After the death of Glendive pioneer Henry Dion in 1920, his widow and children contracted with John Holm to construct this commercial building according to the specifications of the J.C. Penney Company. Built in 1929, the architecture is typical of…

Neoclassical style elements including pilasters with decorative capitals and an elegant bracketed cornice enliven the façade of this significant building designed by Miles City architect Brynjulf Rivenes in 1910. Constructed by Joseph Wester for…

The Enlarged Homestead Act of 1909 brought thousands of settlers into Montana, particularly benefiting towns along the Northern Pacific route. Glendive was fairly bursting with activity when this two story commercial brick building was constructed…

Fancy arches and other fine detailing highlight the façade of this commercial building, constructed as an investment in 1905 by pioneer Henry Dion. The outer walls are of softer, locally produced “Glendive brick” while quality imported brick covers…

Henry Dion built this brick building circa 1894 to expand his mercantile business. In 1908, he sold it to his two eldest sons, Harry N. and Fred. The brothers enlarged the original one-story building in 1910, adding a second story with apartments…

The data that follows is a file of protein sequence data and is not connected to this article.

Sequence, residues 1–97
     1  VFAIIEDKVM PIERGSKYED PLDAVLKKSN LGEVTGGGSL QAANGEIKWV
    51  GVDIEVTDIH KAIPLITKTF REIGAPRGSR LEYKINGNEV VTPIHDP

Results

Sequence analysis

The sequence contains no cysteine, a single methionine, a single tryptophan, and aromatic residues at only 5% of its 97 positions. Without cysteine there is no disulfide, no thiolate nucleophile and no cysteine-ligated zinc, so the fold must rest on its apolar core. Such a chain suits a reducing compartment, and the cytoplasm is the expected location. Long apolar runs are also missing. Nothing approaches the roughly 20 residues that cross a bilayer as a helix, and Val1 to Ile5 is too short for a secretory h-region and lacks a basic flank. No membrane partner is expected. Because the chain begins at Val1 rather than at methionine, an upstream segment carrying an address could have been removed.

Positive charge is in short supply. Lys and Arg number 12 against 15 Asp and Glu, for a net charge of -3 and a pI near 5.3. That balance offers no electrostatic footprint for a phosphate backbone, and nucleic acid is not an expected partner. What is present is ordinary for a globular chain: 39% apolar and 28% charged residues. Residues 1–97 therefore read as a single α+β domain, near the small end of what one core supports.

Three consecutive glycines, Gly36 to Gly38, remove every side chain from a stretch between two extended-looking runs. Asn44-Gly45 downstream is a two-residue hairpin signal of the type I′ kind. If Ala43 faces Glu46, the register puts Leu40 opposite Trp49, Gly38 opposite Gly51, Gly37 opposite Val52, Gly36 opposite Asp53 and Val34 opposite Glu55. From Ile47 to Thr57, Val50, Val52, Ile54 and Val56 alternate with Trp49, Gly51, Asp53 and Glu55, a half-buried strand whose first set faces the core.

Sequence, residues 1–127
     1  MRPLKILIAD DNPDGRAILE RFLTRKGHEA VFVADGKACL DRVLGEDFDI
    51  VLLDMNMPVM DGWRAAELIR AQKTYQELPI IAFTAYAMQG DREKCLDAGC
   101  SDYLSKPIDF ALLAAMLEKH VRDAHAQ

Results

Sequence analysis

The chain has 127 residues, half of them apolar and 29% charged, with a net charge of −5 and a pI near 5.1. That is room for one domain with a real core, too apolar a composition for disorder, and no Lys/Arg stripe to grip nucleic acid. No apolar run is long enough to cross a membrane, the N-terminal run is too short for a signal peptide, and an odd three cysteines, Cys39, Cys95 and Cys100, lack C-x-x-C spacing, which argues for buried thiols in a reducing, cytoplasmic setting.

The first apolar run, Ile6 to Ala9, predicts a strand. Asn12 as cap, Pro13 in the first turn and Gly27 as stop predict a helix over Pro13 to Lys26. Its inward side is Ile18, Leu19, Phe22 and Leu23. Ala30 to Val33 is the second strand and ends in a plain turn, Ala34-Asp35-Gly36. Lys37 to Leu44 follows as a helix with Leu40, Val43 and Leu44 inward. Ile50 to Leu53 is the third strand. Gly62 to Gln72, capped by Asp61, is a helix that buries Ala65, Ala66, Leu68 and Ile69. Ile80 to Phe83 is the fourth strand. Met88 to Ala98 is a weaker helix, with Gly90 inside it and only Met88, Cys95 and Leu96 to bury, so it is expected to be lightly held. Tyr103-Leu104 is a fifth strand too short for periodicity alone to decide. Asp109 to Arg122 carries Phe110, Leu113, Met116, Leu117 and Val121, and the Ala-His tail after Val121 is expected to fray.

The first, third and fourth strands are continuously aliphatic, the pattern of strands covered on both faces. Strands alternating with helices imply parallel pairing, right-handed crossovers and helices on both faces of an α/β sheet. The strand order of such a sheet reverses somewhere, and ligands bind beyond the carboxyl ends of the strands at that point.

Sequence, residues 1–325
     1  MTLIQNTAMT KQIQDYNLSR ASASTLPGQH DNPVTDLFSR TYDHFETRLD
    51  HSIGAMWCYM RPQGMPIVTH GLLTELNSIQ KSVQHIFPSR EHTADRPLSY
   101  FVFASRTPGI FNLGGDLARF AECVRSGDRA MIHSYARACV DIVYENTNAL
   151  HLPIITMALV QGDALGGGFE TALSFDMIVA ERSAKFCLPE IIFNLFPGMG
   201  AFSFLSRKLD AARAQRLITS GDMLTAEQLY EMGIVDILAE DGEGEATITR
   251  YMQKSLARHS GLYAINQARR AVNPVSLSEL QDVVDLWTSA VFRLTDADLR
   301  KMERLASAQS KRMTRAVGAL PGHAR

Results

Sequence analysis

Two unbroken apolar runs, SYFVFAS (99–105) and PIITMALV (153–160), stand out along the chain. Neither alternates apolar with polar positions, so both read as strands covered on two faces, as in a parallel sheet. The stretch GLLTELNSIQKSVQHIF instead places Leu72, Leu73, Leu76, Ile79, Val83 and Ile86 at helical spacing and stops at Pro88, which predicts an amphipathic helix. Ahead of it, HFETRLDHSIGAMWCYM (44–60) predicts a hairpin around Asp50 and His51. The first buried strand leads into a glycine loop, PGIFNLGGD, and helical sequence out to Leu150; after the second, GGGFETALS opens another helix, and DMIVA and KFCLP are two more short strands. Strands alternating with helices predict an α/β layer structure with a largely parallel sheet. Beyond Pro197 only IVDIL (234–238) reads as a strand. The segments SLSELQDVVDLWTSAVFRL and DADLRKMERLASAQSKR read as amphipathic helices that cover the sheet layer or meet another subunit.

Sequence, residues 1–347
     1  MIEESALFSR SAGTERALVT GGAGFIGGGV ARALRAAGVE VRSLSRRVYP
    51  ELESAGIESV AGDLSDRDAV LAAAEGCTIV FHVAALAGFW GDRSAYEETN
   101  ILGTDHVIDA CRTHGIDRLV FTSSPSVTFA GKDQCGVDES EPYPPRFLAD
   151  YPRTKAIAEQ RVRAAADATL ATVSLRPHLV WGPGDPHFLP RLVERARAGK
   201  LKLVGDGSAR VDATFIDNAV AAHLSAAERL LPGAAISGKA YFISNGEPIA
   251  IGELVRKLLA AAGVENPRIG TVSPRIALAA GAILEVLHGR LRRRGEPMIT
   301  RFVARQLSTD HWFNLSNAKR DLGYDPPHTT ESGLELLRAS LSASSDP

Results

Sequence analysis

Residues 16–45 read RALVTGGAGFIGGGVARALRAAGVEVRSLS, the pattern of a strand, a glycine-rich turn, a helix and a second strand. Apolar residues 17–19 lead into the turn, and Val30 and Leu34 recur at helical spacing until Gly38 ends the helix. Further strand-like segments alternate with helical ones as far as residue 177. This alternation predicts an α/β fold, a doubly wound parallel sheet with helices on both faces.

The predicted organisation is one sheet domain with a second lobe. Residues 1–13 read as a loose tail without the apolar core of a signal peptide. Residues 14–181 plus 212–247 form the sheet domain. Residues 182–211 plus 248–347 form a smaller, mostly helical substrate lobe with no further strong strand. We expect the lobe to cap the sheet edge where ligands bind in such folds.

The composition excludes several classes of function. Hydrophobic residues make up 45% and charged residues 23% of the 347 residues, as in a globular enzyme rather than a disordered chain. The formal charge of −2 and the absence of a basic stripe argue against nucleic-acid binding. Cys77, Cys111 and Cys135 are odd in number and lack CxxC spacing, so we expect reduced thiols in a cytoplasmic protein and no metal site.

Early Glendive businessmen took great pride in their town, so when the Glendive Independent reported in 1911 that the rival town of Sidney was “putting on metropolitan airs,” merchants rose to the competition by forming committees and promotion…

Between 1900 and 1910, Glendive’s population doubled to 2,448 and the small settlement had begun its transformation from a one-stop cowtown to a more sophisticated city, where residents could stroll on cement sidewalks and tap into a brand-new water…

Contractor John Holm constructed this small two-story building for the Dion family in 1929 after he had remodeled the Dion Block on one side and built the J.C. Penney Building on the other. This final addition to the five-building Dion Block shares…